We are thrilled to welcome author Anna Hoghton into The Reading Realm today to talk to Steph Elliot about her new magical, historical adventure story The Mask of Aribella…
Without giving too much away, can you tell us a bit about The Mask of Aribella?
The Mask of Aribella is a magical, middle-grade novel set in eighteen-century Venice. Aribella is the daughter of an impoverished lace-maker who lives on the island of Burano. On the eve of her thirteenth birthday, she discovers that she has a secret power – when angered, flames shoot from her fingertips.
Frightened, Aribella runs away, only to be rescued by a magical organization of masked heroes, each with their own special skill. Aribella and her new friends swear to defend Venice, and that means facing the evil secret rising from the Island of the Dead…
This is a story about friendship, belonging and believing in yourself.
The Venice setting is so vivid and rich. What made you choose it and have you had the chance to visit?
Yes, I have! I’ve been a few times now, at different stages of my life. I’d definitely recommend writing a book about a place you love to visit!
It was actually my first visit to Venice as a teenager that inspired the story. I remember sitting in St Mark’s square and imagining Rodolfo’s cloak flicking around a corner. Venice is such a magical place. I don’t think anyone who visits the floating city can be immune to its magic. Stepping into the city feels like entering a storybook or some other world. There’s a quote by Fran Lebowitz that sums this up rather beautifully: ‘If you read a lot, nothing is as great as you’ve imagined. Venice is. Venice is better.”
Not only is Venice beautiful, with its countless domes and spires rising above the water, but because of its unique history – as a Republic ruled by the fearsome Council of Ten and a Doge – there are lots of strange secrets and mysteries to draw upon. For example, the Lion’s Mouth stone letterboxes that are carved into the walls of the palace. Here, informers were once able to post the names of their fellow citizens if they thought they were up to no good… Those accused were said to disappear in the middle of the night – sometimes never to be seen again! I used the Lion’s Mouth as a device in ‘The Mask of Aribella’ and there are many more examples of where I’ve drawn on real history to create my fantasy. Venice is definitely a place of blurred boundaries, where you’re not sure where sea ends and sky begins, or what is real and what is imagined – but magic is certainly abundant.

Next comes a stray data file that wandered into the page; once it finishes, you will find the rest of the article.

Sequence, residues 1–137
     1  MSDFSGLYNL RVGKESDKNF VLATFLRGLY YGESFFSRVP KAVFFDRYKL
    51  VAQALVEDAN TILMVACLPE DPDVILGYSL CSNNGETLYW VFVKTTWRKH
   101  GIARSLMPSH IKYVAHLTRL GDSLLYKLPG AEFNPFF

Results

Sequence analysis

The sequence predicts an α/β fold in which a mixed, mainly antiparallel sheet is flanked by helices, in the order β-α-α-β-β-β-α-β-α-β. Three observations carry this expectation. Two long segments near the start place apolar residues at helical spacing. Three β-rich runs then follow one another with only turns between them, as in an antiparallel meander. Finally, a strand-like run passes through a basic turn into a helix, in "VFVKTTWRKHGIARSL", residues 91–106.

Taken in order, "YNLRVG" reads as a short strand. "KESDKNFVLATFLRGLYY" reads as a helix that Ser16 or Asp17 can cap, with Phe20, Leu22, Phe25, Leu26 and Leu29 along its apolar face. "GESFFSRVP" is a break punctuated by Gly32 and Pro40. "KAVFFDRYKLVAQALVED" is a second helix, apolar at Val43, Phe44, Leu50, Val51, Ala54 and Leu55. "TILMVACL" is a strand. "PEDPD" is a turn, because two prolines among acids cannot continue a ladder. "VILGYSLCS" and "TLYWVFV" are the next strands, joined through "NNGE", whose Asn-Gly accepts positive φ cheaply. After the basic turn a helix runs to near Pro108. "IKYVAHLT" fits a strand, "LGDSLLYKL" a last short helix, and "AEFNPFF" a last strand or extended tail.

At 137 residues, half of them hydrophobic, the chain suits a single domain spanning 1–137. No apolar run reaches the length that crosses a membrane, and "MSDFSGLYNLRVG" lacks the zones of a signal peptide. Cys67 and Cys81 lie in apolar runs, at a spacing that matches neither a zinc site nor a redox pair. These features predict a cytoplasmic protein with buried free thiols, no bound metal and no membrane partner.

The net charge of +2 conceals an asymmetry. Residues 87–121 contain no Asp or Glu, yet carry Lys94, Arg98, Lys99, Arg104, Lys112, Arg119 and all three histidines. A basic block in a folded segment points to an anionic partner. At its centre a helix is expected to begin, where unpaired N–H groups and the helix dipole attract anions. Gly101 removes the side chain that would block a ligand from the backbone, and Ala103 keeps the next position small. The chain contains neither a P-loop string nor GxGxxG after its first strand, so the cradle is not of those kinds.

What does a Mask Maker do and what would you wish for your mask to look like if you visited the Mask Maker?
A Mask Maker makes a mask for a person with powers. This mask helps them in a lot of ways: it stops their power hurting them when they use it (which is a big problem when powers first appear), it enables them to breathe underwater and to become unwatchable… as well as many other things. Mask making is a top-secret process and there are lots of Mask Maker Codes that must be abided by.
Oh, that’s such a good question! In truth, I’ve thought about it deeply but never really come up with a satisfying answer. I think that’s what’s so intriguing about your mask, you won’t know what it looks like until you see it and then you’ll recognise it like your reflection… I’m a cancer horoscope, which is a water element, and water or the sea feature quite heavily in my thoughts and creative work so maybe something watery… with some gold stars, because I love them. But I’m still not sure… It’s funny because I can picture all my friend’s masks exactly but my own evades me. Maybe that’s the way it is for everyone? I’d love to know what you think your mask would love like.